Why is Television so Hard to Hear?

This question came up during a recent tour at C. Crane with the Fortuna Senior Center. “My brand new television has terrible audio and I have to turn the volume way up and then next thing I know it’s blasting out my eardrums – do you have a fix for this?” There was a Wall Street Journal article on exactly this issue and we were able to share some ideas on possible solutions and some basic info on why this happens. While we’re usually known for radio, we do know a bit about audio as well.

Often it’s assumed that the sound issues are all related to hearing loss, but it turns out while that may be part of the problem, it’s not the whole story. With TVs getting thinner and thinner, speaker size, positioning and sound are often an after thought if even considered at all. This could be a big reason why personal sound systems are making a come back. We offer the AEGO Soundbar system to help combat poor audio. Not ready to make that kind of an investment? Here are a couple things you can try:

  1. Locate the speakers on your TV – depending on where they are (often pointing down on the bottom of the television), move your TV. Setting your TV on a wooden surface could do the trick because the sound needs something to bounce off of. Try out different combinations since even a table runner could muffle the sound by absorbing it.
  2. Play with the settings on your TV’s sound. Depending on the issue you are experiencing – illegible voice, too loud, too soft, etc. – you may be able to find a better audio setting on your television.

If none of those things, work you might want to consider our FM Transmitter that can bring the audio from your TV to your radio. Our CCRadio 2E has amazing sound quality and then the audio is right next to you. This is a pretty inexpensive way to improve the sound. Or if you don’t mind wearing earphones, there are many wireless and Bluetooth® options that might work with your new television.

Have you found this to be an issue for you? Share your solutions in the comments below!

 

Is Radio in Crisis?

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There was a great article recently in the WSJ “Public Radio’s Existential Crisisby Ellen Gamerman, which brings up a topic we are struggling with as well. In her article, she talks exclusively about NPR but we don’t see this discussion as limited to only NPR. What is the future of radio and is it in crisis?

The “old guard” of radio talk show hosts are in the best of circumstances aging and retiring and in the worst dying. With hosts that boast some of the largest on air audiences around, there doesn’t seem to be much succession planning on how to recover or replace the lost talent (interestingly enough, radio is not the only industry impacted by this dilemma, it is being experienced in small businesses, trades, medical fields, education and more). Enter podcasters. Ms. Gamerman’s article states “With both its start and audience aging, NPR is struggling to adapt to the digital age: ‘The most innovative people are doing podcasts.’”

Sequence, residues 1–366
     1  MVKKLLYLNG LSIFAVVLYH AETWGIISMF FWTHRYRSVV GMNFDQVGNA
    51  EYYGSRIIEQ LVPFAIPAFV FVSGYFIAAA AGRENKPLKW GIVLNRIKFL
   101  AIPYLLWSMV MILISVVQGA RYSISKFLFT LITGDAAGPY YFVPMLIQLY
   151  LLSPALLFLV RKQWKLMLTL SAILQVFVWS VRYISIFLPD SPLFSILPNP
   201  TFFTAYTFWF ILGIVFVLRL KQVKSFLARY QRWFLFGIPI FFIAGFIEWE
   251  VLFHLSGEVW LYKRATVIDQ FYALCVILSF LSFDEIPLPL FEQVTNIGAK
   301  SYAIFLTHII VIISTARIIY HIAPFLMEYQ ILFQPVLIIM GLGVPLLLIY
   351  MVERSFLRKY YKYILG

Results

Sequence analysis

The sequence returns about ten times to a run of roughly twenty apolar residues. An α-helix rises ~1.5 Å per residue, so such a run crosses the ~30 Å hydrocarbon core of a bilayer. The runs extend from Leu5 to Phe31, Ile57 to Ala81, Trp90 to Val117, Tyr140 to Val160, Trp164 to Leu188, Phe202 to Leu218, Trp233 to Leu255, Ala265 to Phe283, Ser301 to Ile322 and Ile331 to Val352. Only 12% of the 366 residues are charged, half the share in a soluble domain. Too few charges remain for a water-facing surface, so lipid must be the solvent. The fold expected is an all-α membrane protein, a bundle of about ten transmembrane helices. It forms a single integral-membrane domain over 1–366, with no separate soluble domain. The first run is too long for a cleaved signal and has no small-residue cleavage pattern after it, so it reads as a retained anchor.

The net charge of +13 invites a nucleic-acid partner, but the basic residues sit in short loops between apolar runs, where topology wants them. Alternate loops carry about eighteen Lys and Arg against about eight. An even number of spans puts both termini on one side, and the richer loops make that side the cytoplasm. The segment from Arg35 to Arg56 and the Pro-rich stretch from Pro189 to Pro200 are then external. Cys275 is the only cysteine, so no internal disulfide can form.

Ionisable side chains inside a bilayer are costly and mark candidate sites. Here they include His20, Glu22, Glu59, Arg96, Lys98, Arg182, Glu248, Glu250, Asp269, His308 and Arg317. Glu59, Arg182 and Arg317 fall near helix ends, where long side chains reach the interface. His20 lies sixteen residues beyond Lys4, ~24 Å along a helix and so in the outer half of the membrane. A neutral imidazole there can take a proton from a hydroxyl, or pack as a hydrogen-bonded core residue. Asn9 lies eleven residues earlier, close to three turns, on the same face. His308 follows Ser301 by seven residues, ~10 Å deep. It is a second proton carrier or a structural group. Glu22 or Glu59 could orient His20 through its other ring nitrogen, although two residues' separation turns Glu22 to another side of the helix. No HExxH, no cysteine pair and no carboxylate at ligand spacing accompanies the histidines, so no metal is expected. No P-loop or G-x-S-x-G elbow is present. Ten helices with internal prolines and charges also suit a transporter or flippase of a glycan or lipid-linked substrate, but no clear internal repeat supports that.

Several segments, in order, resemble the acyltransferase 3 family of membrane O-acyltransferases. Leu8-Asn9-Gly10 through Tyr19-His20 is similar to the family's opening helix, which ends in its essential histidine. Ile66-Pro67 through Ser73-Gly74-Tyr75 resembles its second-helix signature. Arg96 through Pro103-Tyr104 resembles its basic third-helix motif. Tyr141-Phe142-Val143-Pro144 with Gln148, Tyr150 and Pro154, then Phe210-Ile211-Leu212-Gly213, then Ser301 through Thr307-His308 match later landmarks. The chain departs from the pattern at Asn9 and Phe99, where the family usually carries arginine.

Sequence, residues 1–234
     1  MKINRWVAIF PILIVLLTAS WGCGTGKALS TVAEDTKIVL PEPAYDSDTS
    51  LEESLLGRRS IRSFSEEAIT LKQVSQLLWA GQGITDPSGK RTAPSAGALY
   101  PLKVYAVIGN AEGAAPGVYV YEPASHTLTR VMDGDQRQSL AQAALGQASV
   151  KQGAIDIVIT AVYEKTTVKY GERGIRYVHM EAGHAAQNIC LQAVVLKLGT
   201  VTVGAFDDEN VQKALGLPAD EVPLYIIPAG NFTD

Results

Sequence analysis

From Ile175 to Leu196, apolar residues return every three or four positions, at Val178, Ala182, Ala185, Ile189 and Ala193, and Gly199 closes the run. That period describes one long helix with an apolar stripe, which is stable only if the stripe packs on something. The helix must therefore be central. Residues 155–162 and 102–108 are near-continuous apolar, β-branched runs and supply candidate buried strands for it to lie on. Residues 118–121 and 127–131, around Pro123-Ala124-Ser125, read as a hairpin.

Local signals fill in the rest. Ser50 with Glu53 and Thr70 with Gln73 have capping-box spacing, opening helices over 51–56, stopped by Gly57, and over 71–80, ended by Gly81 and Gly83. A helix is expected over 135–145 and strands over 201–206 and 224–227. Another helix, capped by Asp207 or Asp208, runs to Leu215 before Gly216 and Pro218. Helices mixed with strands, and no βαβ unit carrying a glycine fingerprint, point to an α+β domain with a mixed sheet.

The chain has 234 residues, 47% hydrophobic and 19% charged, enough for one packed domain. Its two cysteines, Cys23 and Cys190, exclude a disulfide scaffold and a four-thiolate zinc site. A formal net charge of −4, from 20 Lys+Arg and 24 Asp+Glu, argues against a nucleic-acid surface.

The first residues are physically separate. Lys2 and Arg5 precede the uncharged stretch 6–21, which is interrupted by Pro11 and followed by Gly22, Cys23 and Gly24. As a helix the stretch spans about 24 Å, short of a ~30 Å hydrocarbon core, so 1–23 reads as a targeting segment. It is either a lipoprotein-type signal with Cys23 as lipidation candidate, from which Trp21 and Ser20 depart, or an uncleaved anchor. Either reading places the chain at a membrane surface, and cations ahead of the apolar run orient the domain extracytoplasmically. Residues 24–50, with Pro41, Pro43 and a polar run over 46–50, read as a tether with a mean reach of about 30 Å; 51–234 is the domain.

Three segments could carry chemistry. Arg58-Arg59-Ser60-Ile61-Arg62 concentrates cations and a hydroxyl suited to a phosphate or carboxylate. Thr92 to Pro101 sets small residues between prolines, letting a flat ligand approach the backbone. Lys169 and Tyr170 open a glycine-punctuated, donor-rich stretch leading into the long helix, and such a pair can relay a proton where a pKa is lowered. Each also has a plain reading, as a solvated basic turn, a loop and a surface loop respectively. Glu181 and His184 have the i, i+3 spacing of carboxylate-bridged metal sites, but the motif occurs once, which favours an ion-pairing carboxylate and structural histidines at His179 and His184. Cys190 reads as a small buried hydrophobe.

By the end of the decade, NPR projects that younger listeners under age 44 will make up only around 30% of the overall audience for its member stations, compared with about 60% in 1985. Currently more than 80% of podcast listeners are under age 55, according to recent data released by Edison Research and Triton Digital.

Here’s where it gets confusing though:

NPR itself is already the nation’s top podcast publisher with a monthly audience of 7.2 million listeners, according to podcast analytics firm Podtrac. In the past year, it has doubled the revenue it gets from corporate sponsorship for podcasts.

Despite the growth of digital, Americans ages 13 and over spend more than half their total listening time on AM/FM radio and 2% of their listening time on podcasts, according to Edison. NPR’s weekly broadcast radio audience now averages 26 million.

A recent report from Radio and Internet News proves interesting as well.

AM/FM clearly has the widest reach — a notable and much-hammered metric in the radio industry. AM/FM’s monthly U.S. audience is 240-million. Compare that to Spotify’s global 100-million, and Pandora’s mostly-U.S. 80-million, and you see why broadcasters sometimes feel they don’t get enough respect (call-back to Rodney Dangerfield). On the other hand, U.S. radio is a $17-billion business, larger than the combined valuations of Spotify and Pandora.

Radio’s reach is a cleanly brag-worthy metric, while time spent listening (TSL) has more nuance.

With radio’s reach being so significant in comparison to everyone else and the battle of “platform” and “format” wars still being fought, we believe radio is here to stay for now but when the popular long standing talent leaves and no one that connects with that audience or is able to create a new audience in the slot takes their place, advertisers leave, listeners leave and ultimately radio suffers (enter podcasts?).

We love to hear from you. Do you think radio is in crisis? Are you switching to podcasts or some hybrid in between?